Anxiety and depression in women and men from early pregnancy to 3-months postpartum

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Abstract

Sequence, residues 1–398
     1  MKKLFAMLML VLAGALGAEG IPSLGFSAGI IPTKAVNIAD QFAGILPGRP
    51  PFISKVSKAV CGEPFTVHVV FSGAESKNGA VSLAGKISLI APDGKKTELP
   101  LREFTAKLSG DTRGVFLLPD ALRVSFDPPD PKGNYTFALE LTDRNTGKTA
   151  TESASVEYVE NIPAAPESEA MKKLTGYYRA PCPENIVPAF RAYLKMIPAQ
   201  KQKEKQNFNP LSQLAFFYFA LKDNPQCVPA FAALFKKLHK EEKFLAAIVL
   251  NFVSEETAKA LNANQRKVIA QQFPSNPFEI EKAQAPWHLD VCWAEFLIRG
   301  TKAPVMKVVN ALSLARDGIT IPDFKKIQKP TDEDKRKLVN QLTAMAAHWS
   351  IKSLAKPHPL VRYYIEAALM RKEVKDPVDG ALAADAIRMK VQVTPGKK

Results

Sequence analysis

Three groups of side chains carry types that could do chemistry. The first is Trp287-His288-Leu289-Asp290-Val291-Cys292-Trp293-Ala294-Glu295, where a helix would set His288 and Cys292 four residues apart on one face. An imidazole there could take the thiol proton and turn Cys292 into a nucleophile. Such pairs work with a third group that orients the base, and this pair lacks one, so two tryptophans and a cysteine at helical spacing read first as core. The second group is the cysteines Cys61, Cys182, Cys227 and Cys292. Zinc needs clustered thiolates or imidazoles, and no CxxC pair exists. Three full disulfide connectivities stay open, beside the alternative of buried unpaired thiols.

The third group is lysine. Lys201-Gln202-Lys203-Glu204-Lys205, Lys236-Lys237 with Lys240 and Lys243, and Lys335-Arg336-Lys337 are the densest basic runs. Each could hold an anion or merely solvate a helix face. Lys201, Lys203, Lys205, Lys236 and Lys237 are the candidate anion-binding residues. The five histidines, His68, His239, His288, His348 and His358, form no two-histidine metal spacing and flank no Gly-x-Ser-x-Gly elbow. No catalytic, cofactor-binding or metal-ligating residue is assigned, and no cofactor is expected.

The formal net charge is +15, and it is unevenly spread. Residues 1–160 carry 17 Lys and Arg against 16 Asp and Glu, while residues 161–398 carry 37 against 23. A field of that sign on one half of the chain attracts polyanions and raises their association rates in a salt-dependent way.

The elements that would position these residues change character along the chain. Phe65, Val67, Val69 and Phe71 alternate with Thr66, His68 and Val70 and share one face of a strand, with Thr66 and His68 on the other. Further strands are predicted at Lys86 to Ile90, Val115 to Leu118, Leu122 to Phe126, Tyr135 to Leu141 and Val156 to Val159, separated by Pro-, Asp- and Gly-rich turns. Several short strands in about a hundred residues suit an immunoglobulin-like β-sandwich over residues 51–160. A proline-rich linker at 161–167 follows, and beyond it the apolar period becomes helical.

To investigate high-anxiety and depression in women and men from early pregnancy to 3-months postpartum, 260 Portuguese couples (N = 520) filled in the State-Anxiety Inventory (STAI-S) and the Edinburgh Post-Natal Depression Scale (EPDS) at the first, second, and third pregnancy trimesters, childbirth, and 3-months postpartum. Rates for high-anxiety (STAI-S ≥ 45) in women (13.1%; 12.2%; 18.2%; 18.6%; 4.7%) and men (10.1%; 8.0%, 7.8%; 8.5%; 4.4%) and for depression (EPDS ≥ 10) in women (20.0%, 19.6%, 17.4%, 17.6%; 11.1%) and men (11.3%; 6.6%; 5.5%; 7.5%; 7.2%) were high. Rates for depression were higher than rates for high-anxiety only in women during early pregnancy and the postpartum, but not at the third pregnancy trimester and childbirth. Rates for high-anxiety and depression were higher in women than in men during pregnancy/childbirth, but not at 3-months postpartum. Rates for high-anxiety but not rates for depression were higher during pregnancy/childbirth compared to 3-months postpartum and only in women. Considering that 15.9% of the parents-to-be were highly anxious and/or depressed during pregnancy—comparing to 9.3% at 3-months postpartum—particular attention should be drawn to both women's and men's mental health early in pregnancy.

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